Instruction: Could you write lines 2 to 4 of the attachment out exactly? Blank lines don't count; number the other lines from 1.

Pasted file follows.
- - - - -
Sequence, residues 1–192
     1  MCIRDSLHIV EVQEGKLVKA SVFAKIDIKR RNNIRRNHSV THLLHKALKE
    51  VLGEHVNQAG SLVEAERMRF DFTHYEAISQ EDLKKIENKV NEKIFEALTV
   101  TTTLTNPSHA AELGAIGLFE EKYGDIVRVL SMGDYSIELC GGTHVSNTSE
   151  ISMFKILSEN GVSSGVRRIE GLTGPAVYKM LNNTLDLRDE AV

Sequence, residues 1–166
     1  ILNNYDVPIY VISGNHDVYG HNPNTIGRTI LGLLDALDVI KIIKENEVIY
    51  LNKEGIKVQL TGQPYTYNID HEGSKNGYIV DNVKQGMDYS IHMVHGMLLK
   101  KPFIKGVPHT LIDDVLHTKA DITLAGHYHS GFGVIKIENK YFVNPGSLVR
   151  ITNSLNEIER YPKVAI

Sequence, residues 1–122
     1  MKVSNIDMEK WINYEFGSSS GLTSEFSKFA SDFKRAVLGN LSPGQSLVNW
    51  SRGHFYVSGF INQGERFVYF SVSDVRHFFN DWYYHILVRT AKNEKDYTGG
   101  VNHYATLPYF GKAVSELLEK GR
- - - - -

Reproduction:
     1  MCIRDSLHIV EVQEGKLVKA SVFAKIDIKR RNNIRRNHSV THLLHKALKE
    51  VLGEHVNQAG SLVEAERMRF DFTHYEAISQ EDLKKIENKV NEKIFEALTV
   101  TTTLTNPSHA AELGAIGLFE EKYGDIVRVL SMGDYSIELC GGTHVSNTSE